Categories
Ageing Auditory Neuroscience Clinical relevance Editorial Notes Hearing Loss Neural dynamics Uncategorized

It’s a wrap: The ERC Con­sol­ida­tor Project “Audadapt” has suc­cess­ful­ly ended

Six years in our lab with the age­ing, adapt­ing, lis­ten­ing brain and mind cen­ter-stage have come to a suc­cess­ful close.  Jonas’ ERC Con­sol­ida­tor grant had been grant­ed dur­ing the Audi­to­ry Cog­ni­tion lab’s tenure at the Max Planck Insti­tute in Leipzig orig­i­nal­ly, and it has shaped our start and set­tling-in at the Uni­ver­si­ty of Lübeck ever since 2016.

Jonas: “In total almost 500 ses­sions of behav­iour, EEG and fMRI record­ed; more than 160 brave Lübeck folks and their brains fol­lowed lon­gi­tu­di­nal­ly over two years; 25 pub­li­ca­tions put out; and not least two PhDs fin­ished and five post­doc careers kick­start­ed — I am very grate­ful for the help of all these peo­ple, my host Insti­tu­tion Uni­ver­si­ty of Lübeck and the Euro­pean Research Coun­cil (ERC) hav­ing made this all hap­pen. Thank you all.”

All data will be or are already pub­licly avail­able on OSF, and we will update our ded­i­cat­ed AUDADAPT” project page once the final report is in.

Categories
Clinical relevance Grants Hearing Loss Job Offers

New research grant with Sivantos

Jonas and the lab are hap­py and thank­ful to announce a new research project fund­ed by Sivan­tos, Erlan­gen. We are look­ing very much for­ward to a renewed col­lab­o­ra­tion with the audi­o­log­i­cal sci­ence team around Ron­ny Han­ne­mann, begin­ning in Octo­ber 2019.

The three-year project will look into the psy­cho­log­i­cal and neu­ro­bi­o­log­i­cal chal­lenges of attend­ing and ignor­ing for nor­mal-hear­ing and hear­ing-impaired lis­ten­ers in com­plex acoustic scenes.

Categories
Auditory Perception Clinical relevance Papers Perception Psychology Publications

New paper out in the ‘Euro­pean Jour­nal of Neu­ro­science’: Tune, Wöst­mann & Obleser

AC post­docs Sarah Tune and Malte Wöst­mann have a new paper out online in the spe­cial issue on Neur­al Oscil­la­tions in the Euro­pean Jour­nal of Neu­ro­science! We are excit­ed to share the results from our first study of the ERC-fund­ed project on lis­ten­ing behav­ior and adap­tive con­trol in mid­dle-aged adults. In this study, we asked whether the fideli­ty of alpha pow­er lat­er­al­iza­tion would serve as a neur­al mark­er of selec­tive audi­to­ry atten­tion in the age­ing lis­ten­er. The results of our mul­ti­vari­ate approach demon­strate that under­stand­ing inter-indi­vid­ual dif­fer­ences is para­mount to under­stand­ing of the role of alpha oscil­la­tions in audi­to­ry atten­tion across age.

Tune, S., Wöst­mann, W., & Obleser, J. (2018) Prob­ing the lim­its of alpha pow­er lat­er­al­i­sa­tion as a neur­al mark­er of selec­tive atten­tion in mid­dle-aged and old­er listeners.

Now avail­able online:

http://onlinelibrary.wiley.com/doi/10.1111/ejn.13862/full/

 

Categories
Adaptive Control Attention Auditory Working Memory Clinical relevance Executive Functions fMRI Papers Psychology Publications Uncategorized

New paper in press in ‘Neu­roim­age’: Alavash, Lim, et al

Oble­ser­lab post­doc Mohsen Alavash and Oble­ser­lab Alum­na Sung-Joo Lim are in press at Neu­roim­age!

They argue with data from a place­bo-con­trolled dopamin­er­gic inter­ven­tion study that BOLD sig­nal vari­abil­i­ty and the func­tion­al con­nec­tome are sur­pris­ing­ly clear­ly affect­ed by L‑Dopa, and (ii) that the degree of change in these met­rics can explain the degree to which indi­vid­u­als will prof­it from L‑DOPA in per­form­ing the chal­leng­ing lis­ten­ing task (while oth­ers dont; Preprint here ).

Alavash, M., Lim, S.J., Thiel, C., Sehm, B., Deser­no, L., & Obleser, J. (2018) Dopamin­er­gic mod­u­la­tion of hemo­dy­nam­ic sig­nal vari­abil­i­ty and the func­tion­al con­nec­tome dur­ing cog­ni­tive per­for­mance. Neu­roim­age. In press.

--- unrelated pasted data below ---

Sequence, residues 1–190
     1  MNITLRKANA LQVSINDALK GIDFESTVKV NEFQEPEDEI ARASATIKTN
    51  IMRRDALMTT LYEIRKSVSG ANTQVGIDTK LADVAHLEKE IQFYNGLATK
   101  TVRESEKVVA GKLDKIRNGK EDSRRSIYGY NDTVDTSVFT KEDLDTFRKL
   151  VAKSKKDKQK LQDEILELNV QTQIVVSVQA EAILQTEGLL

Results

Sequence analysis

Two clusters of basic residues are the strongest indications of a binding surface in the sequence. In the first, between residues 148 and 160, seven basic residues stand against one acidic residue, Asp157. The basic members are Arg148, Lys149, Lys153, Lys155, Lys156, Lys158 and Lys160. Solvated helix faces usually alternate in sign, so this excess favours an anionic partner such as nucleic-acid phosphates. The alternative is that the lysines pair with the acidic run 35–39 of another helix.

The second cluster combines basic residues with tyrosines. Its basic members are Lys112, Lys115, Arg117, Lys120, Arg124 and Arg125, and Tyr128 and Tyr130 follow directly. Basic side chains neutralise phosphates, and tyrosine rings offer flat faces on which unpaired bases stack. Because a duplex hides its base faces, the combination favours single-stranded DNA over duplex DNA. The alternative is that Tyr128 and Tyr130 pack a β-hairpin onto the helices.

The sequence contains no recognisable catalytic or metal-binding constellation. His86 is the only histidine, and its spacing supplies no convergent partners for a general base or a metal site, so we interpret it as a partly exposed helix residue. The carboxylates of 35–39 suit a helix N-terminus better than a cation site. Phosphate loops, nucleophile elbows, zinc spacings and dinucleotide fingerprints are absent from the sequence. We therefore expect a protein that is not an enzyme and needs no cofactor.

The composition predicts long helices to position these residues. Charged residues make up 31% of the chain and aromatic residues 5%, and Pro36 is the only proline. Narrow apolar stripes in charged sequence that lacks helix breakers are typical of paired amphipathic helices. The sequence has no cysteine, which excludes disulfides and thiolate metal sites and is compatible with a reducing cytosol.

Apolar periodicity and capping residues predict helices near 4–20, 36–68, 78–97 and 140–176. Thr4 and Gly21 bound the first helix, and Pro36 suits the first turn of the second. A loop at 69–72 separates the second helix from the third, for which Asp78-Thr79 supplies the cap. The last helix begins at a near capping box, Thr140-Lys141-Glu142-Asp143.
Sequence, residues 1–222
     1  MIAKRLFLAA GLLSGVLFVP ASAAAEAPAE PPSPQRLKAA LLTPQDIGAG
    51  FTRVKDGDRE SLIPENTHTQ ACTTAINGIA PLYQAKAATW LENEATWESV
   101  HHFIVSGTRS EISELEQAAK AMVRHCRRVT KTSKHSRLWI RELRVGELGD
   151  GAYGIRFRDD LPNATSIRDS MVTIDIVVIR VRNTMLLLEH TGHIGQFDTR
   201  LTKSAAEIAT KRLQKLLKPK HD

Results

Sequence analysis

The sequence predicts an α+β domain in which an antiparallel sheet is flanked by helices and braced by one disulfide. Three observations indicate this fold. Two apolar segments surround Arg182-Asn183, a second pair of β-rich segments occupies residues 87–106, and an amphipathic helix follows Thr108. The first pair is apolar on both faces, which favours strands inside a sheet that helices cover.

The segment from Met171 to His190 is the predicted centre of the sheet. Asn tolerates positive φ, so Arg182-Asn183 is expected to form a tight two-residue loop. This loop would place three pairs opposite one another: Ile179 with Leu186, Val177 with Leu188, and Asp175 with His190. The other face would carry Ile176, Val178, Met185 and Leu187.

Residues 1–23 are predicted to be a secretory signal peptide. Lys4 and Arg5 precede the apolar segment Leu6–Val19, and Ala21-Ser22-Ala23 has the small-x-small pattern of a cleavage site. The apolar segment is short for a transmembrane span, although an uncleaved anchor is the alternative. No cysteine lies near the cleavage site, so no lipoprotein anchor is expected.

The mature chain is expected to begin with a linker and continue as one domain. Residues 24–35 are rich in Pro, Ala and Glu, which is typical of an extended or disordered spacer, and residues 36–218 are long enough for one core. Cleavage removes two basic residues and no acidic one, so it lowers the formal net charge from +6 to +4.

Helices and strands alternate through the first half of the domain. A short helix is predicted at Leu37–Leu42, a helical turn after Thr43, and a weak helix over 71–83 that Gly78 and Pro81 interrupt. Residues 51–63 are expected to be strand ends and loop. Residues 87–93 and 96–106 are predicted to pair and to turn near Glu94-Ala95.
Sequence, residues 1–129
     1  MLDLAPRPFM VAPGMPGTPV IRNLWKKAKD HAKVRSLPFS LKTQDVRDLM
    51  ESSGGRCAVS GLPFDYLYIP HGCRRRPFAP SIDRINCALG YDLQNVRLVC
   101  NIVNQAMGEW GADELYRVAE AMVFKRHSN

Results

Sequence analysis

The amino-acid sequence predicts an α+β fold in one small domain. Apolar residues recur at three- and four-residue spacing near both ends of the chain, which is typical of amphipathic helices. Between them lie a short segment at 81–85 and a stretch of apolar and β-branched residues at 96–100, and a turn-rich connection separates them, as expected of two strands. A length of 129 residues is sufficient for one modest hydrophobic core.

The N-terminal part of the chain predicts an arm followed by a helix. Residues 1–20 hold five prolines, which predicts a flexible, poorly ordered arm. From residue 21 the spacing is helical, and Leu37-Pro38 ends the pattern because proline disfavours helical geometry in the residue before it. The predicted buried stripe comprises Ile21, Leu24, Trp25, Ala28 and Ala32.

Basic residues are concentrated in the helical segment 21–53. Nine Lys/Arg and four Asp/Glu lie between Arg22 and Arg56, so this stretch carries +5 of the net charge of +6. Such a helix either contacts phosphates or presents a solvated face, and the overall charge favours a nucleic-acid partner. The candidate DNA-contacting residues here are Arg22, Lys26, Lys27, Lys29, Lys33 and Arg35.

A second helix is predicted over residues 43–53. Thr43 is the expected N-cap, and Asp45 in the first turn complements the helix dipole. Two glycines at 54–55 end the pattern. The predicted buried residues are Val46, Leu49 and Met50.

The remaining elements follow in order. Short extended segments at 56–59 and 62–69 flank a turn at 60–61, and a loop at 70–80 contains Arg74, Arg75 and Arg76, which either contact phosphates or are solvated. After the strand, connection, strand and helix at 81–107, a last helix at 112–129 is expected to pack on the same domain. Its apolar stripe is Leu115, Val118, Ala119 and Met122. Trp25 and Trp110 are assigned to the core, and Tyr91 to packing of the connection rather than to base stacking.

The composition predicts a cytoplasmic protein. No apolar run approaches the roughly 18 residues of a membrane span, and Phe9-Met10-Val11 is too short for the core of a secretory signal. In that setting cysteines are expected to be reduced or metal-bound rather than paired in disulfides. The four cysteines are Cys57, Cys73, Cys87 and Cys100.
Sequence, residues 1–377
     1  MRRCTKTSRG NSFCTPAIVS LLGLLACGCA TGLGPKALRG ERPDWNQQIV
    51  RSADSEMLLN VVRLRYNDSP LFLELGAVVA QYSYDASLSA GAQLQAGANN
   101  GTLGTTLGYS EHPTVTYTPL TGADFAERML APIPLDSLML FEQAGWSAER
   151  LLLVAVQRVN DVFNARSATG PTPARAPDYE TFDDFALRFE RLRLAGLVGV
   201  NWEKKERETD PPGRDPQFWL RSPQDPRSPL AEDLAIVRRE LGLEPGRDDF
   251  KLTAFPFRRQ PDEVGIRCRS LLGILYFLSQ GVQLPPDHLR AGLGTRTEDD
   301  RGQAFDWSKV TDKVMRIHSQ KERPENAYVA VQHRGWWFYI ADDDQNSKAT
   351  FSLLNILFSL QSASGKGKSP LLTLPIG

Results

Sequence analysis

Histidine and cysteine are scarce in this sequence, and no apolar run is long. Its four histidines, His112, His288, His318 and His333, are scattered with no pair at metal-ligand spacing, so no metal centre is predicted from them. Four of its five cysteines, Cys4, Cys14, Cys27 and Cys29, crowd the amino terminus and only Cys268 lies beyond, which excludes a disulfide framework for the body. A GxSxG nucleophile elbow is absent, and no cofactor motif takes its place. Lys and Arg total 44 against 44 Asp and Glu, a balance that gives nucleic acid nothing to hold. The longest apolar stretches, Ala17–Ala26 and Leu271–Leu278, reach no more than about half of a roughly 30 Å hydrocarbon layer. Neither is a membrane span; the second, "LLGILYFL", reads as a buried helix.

— Thanks also and in par­tic­u­lar to our col­leagues Chris­tiane Thiel of Old­en­burg, and Bern­hard Sehm and Lorenz Deser­no of Leipzig, who helped us made this large-scale L‑DOPA project happen!

 

 

Categories
Auditory Cortex Auditory Neuroscience Brain stimulation Clinical relevance Degraded Acoustics Hearing Loss Neural Oscillations Neural Phase Papers Psychology Speech

New paper in press with the Old­en­burg brain-stim­u­la­tion crew!

AC alum­na Anna Wilsch has a new paper in press in Neu­roim­age, with Toralf Neul­ing, Jonas Obleser, and Christoph Her­rmann: “Tran­scra­nial alter­nat­ing cur­rent stim­u­la­tion with speech envelopes mod­u­lates speech com­pre­hen­sion”. In this proof-of-concept–like paper, we demon­strate that using the speech enve­lope as a “pilot sig­nal” for elec­tri­cal­ly stim­u­lat­ing the human brain, while a lis­ten­er tries to com­pre­hend that speech sig­nal buried in noise, does mod­u­late the listener’s speech–in–noise com­pre­hen­sion abilities.

The Preprint is here, … 

… while the abstract goes like this:
Cor­ti­cal entrain­ment of the audi­to­ry cor­tex to the broad­band tem­po­ral enve­lope of a speech sig­nal is cru­cial for speech com­pre­hen­sion. Entrain­ment results in phas­es of high and low neur­al excitabil­i­ty, which struc­ture and decode the incom­ing speech sig­nal. Entrain­ment to speech is strongest in the theta fre­quen­cy range (4−8 Hz), the aver­age fre­quen­cy of the speech enve­lope. If a speech sig­nal is degrad­ed, entrain­ment to the speech enve­lope is weak­er and speech intel­li­gi­bil­i­ty declines. Besides per­cep­tu­al­ly evoked cor­ti­cal entrain­ment, tran­scra­nial alter­nat­ing cur­rent stim­u­la­tion (tACS) entrains neur­al oscil­la­tions by apply­ing an elec­tric sig­nal to the brain. Accord­ing­ly, tACS-induced entrain­ment in audi­to­ry cor­tex has been shown to improve audi­to­ry per­cep­tion. The aim of the cur­rent study was to mod­u­late speech intel­li­gi­bil­i­ty exter­nal­ly by means of tACS such that the elec­tric cur­rent cor­re­sponds to the enve­lope of the pre­sent­ed speech stream (i.e., enve­lope-tACS). Par­tic­i­pants per­formed the Old­en­burg sen­tence test with sen­tences pre­sent­ed in noise in com­bi­na­tion with enve­lope-tACS. Crit­i­cal­ly, tACS was induced at time lags of 0 to 250 ms in 50-ms steps rel­a­tive to sen­tence onset (audi­to­ry stim­uli were simul­ta­ne­ous to or pre­ced­ed tACS). We per­formed sin­gle- sub­ject sinu­soidal, lin­ear, and qua­drat­ic fits to the sen­tence com­pre­hen­sion per­for­mance across the time lags. We could show that the sinu­soidal fit described the mod­u­la­tion of sen­tence com­pre­hen­sion best. Impor­tant­ly, the aver­age fre­quen­cy of the sinu­soidal fit was 5.12 Hz, cor­re­spond­ing to the peaks of the ampli­tude spec­trum of the stim­u­lat­ed envelopes. This find­ing was sup­port­ed by a sig­nif­i­cant 5‑Hz peak in the aver­age pow­er spec­trum of indi­vid­ual per­for­mance time series. Alto­geth­er, enve­lope tACS mod­u­lates intel­li­gi­bil­i­ty of speech in noise, pre­sum­ably by enhanc­ing and dis­rupt­ing (time lag with in- or out-of-phase stim­u­la­tion, respec­tive­ly) cor­ti­cal entrain­ment to the speech enve­lope in audi­to­ry cortex.